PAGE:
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Saturday, 8 March 2014

Gabrielle "Coco" Chanel

Gabrielle Chanel was born to an unwed laundrywoman mother, Eugénie "Jeanne" Devolle in Saumur, France on August 19, 1883. Her father, Albert Chanel, was an itinerant street vendor who peddled work clothes and undergarments.

In 1895, when Gabrielle was twelve years old, her mother died of bronchitis.  Her father sent his three daughters to the Corrèze, in central France, to the convent of Aubazine, whose religious order, the Congregation of the Sacred Heart of Mary, was "founded to care for the poor and rejected, including running homes for abandoned and orphaned girls.”

Having learned the art of sewing during her six years at Aubazine, Chanel was able to find employment as a seamstress.

When not plying her needle, she sang in a cabaret frequented by cavalry officers.  It was at this time that Chanel acquired the name "Coco", possibly based on two popular songs with which she became identified, "Ko Ko Ri Ko", and "Qui qu'a vu Coco", or it was an allusion to the French word for kept woman, cocotte.

At the age of 23 Chanel became the mistress of the young French ex-cavalry officer and the wealthy textile heir Étienne Balsan.

Chanel began designing hats while living with Balsan, initially as a diversion that evolved into a commercial enterprise. She became a licensed milliner (hat maker) in 1910 and opened a boutique at 21 rue Cambon, Paris named Chanel Modes.

In 1913, Chanel opened her first boutique in Deauville. Her simple wardrobe attracted women from society to the Chanel brand. In 1915, she opened a second shop in Biarritz. She became a licenced haute couture dress designer and maker in 1919.

Gabrielle "Coco" Chanel, 1920

Chanel's initial triumph was the innovative use of jersey fabric, a machine knit material traditionally relegated to the manufacture of undergarments. Her wool jersey traveling suit consisted of a cardigan jacket, and pleated skirt, paired with a low-belted pullover top. This ensemble, worn with low-heeled shoes, became the casual look in expensive women's wear.

Chanel No. 5 was created by perfumer Ernest Beaux for Coco Chanel in 1921. The fragrance’s unusually unfussy name is said to be because it was the fifth sample that its inventor Ernest Beaux presented to Coco Chanel for consideration.

Her 'little black dresses' from the 1920s were famous, and are still copied today. Its first incarnation was executed in thin silk, crèpe de chine, and had long sleeves.  In 1926, the American edition of Vogue highlighted such a Chanel dress, dubbing it the garçonne (little boy look).

Chanel promoted her own ideas through her line of clothing. She became one of the first women to create simple and practical clothes, based on a dynamic and sporty lifestyle. She made simplicity in women's apparel high fashion.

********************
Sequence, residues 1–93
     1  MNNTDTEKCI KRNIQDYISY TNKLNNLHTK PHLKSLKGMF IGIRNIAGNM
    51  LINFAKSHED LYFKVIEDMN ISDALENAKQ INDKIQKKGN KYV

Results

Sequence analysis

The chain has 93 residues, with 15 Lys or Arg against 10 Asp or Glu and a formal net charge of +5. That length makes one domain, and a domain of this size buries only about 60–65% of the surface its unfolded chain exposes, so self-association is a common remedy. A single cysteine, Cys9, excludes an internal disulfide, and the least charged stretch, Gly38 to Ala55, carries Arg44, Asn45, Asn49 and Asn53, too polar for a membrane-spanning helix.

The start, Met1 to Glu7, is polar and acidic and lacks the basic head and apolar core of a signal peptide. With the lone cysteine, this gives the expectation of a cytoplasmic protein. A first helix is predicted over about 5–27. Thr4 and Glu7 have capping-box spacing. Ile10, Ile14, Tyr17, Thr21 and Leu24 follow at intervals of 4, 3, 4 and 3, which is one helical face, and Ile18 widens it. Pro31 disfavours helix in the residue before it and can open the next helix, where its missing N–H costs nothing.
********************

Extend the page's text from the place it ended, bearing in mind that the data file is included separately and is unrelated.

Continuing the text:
She helped to reform women's lifestyle: short hair, tanned skin and casual style were the new trends. She banned corsets and other uncomfortable garments

It was Chanel who first declared that she wanted to use models who would make other women feel envious and discontented so they would buy new clothes.

She was the mistress of a number of rich men, and reputedly turned down marriage to the Duke of Westminster. When asked why she did not marry him, she said: "There have been several Duchesses of Westminster. There is only one Chanel". She never married.

Chanel wearing a sailor's jersey and trousers. 1928.
Chanel lived at the Hotel Ritz, Paris, for over thirty years. She was there during World War II, when the Germans occupied Paris, and her shops were closed.

During World War II, Chanel was linked to German intelligence officer Baron Hans Günther von Dincklage, a noted German spy. After the war she was accused of being a collaborator. The British Royal Family intervened to get her released. Chanel promptly moved to Switzerland, and gave up fashion.

After renegotiating the contract with the makers of her signature Chanel No. 5 perfume, Coco Chanel received her share of wartime profits from its sale on May 17, 1947. The amount she received was equivalent to some $9 million in 21st century valuation. In addition her future share would be two percent of all Chanel No. 5 sales worldwide. Her earnings were projected at $25 million a year, making Chanel at the time one of the richest women in the world.

Katharine Hepburn starred in the 1969 Broadway musical Coco based on the life of Coco Chanel.

Chanel died on January 10, 1971 in her apartment at the Ritz Hotel in Paris, where she had resided for more than 30 years.

The House of Chanel is still in business, and still a member of the Chambre syndicale de la haute couture, the top fashion clique in Paris.

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